Committee for a Responsible Federal Budget

CRFB Analyzes the CBO Long-Term Outlook

Jul 15, 2014 | Budgets & Projections

CBO's Long-Term Budget Outlook is a long and detailed 140-page document – filled to the brim with facts, figures, scenarios and assumptions – and comes with a spreadsheet with even more data. To help people navigate the report and pull out its key takeaways, we've boiled down the document into a concise 6-page analysis with all the key facts and findings. CBO's debt projections have changed only slightly since last year – with a deterioration over the next three decades and a modest improvement thereafter – so the fiscal outlook remains unsustainable by any measure.

As we explain in our paper, CBO projects deficit and debt levels to remain fairly stable over the next few years, but then rise dramatically. Under CBO's "Extended Baseline Scenario," which generally reflects current law, deficits will rise from about 3 percent of GDP over the next several years, to 4 percent by 2025, 6.5 percent by 2040, and nearly 12 percent by 2085. As we explain, this will have major implications for debt:

As a result of these deficits, public debt will continue to accumulate. Already above its post-World War II record, CBO projects debt held by the public to grow from 74 percent of GDP in 2014 to 80 percent by 2025, 108 percent by 2040, 147 percent by 2060, and 212 percent by 2085. These debt levels would be unprecedented, and as CBO warns, “Beyond the next 25 years, the pressures caused by rising budget deficits and debt would become even greater unless laws governing taxes and spending were changed. With deficits as big as the ones that CBO projects, federal debt would be growing faster than GDP, a path that would ultimately be unsustainable."

This rising debt is largely the result of increases in health and retirement spending, which are outpacing revenue growth. Health spending is projected to rise from 4.8 percent this year to 6.1 percent in 2025, 8.1 percent by 2040, 10.3 percent by 2060, and 13.4 percent by 2085. Social Security spending will also rise -- though not as quickly or as high -- from 4.9 percent of GDP today to 5.7 percent in 2025, 6.3 percent in 2040, 6.4 percent in 2060 and 6.8 percent in 2085. And because revenue will not rise fast enough to match this growth, interest costs will balloon.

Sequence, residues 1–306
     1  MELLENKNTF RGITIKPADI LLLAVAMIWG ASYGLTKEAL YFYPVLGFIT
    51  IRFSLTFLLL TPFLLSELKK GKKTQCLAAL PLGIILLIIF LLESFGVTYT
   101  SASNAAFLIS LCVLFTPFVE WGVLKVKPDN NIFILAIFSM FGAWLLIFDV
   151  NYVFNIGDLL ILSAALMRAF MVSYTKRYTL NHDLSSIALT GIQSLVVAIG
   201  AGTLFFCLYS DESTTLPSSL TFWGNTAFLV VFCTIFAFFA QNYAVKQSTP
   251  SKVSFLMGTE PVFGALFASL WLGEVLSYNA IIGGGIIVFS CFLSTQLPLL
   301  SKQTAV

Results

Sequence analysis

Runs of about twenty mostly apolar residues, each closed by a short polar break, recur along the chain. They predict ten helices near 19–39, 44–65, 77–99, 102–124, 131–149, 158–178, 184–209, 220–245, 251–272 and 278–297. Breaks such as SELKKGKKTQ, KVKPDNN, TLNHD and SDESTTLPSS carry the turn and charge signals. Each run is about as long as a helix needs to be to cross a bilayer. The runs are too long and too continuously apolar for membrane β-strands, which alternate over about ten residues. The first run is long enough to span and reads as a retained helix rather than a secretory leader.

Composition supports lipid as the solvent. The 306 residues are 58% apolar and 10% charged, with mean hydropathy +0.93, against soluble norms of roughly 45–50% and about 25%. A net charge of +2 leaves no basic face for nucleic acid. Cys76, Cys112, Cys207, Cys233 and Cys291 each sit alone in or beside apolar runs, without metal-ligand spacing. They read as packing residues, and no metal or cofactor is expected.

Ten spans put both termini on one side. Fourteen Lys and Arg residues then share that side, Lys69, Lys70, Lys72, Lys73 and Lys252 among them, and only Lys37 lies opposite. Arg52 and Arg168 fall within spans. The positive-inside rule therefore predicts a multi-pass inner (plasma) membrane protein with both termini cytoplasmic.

Fiscal Projections under CBO's Long-Term Scenarios (% of GDP)

  2000 2014 2025 2040 2060 2085
Extended Baseline Scenario
Spending 17.6% 20.4% 22.6% 26.0% 29.6% 35.5%
Revenue 19.9% 17.6% 18.4% 19.5% 21.3% 23.6%
Deficit -2.3% 2.8% 4.2% 6.5% 8.3% 11.9%
Debt 34% 74% 80% 108% 147% 212%
Alternative Fiscal Scenario*
Spending 17.6% 20.4% 23.6% 31.8% 42.0% 59.0%
Revenue 19.9% 17.4% 18.0% 18.0% 18.0% 18.0%
Deficit -2.3% 3.0% 5.6% 13.8% 24.0% 41.0%
Debt 34% 74% 89% 170% 330% 620%

*2060 and 2085 are rough CRFB extrapolations

CBO also publishes an Alternative Fiscal Scenario (AFS), which assumes policymakers will increase spending and reduce taxes compared to current law. This shows a much steeper climb in debt, which reaches 170 percent of GDP by 2040 and by our calculations 330 percent by 2060 and 620 percent by 2085.

Incorporating the negative economic impact of debt would further worsen the situation. CBO estimates that real GNP would be reduced by 3 percent in 2039 under the Extended Baseline and by another 5 percent beyond that under the AFS compared to a scenario where lawmakers kept debt under control.

The report explains the real economic consequences of failing to address the mounting debt, as well as the benefits of acting sooner rather than later. As we conclude in the paper:

Simply not digging our budget holes deeper will not be nearly good enough to solve the debt issue, though it would at least represent a start. Rather, policymakers will have to make tough choices in reforming entitlements and the tax code to close the gap between spending and revenue. Although it will be difficult, acting sooner will make the adjustments less painful than waiting for debt to rise.

See our paper for a more detailed discussion of these issues, including the drivers of long-term debt and deficit projections, CBO scenario assumptions, the exhaustion dates of Social Security and Medicare trust funds and the economic effects of growing debt and deficit reduction.

Click here to read the full report, and follow our continued long-term analysis here.